Another argument I’ve heard time and again has to do with promiscuity among bisexual women. This is usually a result of personal, negative experiences and the consequences of heartbreak. Some of the discrimination felt by bisexuals is akin to wrongly thinking that they cannot make up their minds, hence the reason they shuffle back and forth. The opposite is true, save for those exceptions to the rules. Whether they are with men or women, their relationships deserve the same respect without condition that we afford straight and gay couples. There is enough infidelity within the lesbian community having nothing to do with bisexual women for the focus on the sexual freedoms of bisexual women to be void of judgement. The two straight girls kissing on girls gone wild are not accurate representations either.

I also want to address bisexual studs and butches. Why this is such a polarizing occurrence for some lesbians is beyond me. I have yet to hear a valid argument proving why there is something wrong with a stud attracting both sexes and reciprocating that attraction. Is it because they have more options, and with more options comes the need for greater protection about not getting hurt, or worse, getting an STD?  Those concerns are as valid, however unfairly exaggerated among bisexual women compared to lesbians for lesbians only. It’s another matter of making unfair assessments based on personally skewed opinions. Studs’ and butches gender identity is determined internally (psychologically) and outwardly based on personal examination of their physical, emotional and sexual needs. This self examination is made to be seen in a negative light while trying to paint them as weird or odd when really, what’s weird and odd is to project ones own sexuality and gender identity onto another.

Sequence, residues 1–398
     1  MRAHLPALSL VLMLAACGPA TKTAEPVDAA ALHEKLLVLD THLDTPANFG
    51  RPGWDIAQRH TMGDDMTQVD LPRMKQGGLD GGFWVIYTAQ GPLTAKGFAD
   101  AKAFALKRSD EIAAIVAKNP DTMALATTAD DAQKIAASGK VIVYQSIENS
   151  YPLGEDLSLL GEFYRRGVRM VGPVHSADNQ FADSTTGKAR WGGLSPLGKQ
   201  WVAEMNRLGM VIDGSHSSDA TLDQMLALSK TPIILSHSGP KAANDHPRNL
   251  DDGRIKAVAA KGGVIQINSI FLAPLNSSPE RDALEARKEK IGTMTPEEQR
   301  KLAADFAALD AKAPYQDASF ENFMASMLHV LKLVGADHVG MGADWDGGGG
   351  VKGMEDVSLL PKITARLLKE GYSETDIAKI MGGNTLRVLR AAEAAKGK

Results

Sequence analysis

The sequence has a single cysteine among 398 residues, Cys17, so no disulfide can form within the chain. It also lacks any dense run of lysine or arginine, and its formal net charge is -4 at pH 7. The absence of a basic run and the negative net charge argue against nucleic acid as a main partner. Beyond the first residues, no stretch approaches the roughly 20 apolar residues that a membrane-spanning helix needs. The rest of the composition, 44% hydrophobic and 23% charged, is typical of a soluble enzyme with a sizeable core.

We’re not meant to understand everything, however we are meant to grant and receive acceptance onto those things that aim to promote peaceful continuity and loving harmony in peoples lives regardless of sexual orientation. At the end of the day, conscious discrimination is still discrimination. None of us are immune to it, but we can become aware and prepared to overcome those obstacles that cause us to think irrationally about things we don’t fully understand or have never experienced. When we cause our own international divisions within the LGBT community due to irrational fears, we alienate allies. The truth is the negative sexual behaviors so commonly applied to bisexual women who exhibit them can be found in all groups and identities of lesbians, so really, why can’t we all just get along and get back to loving one another.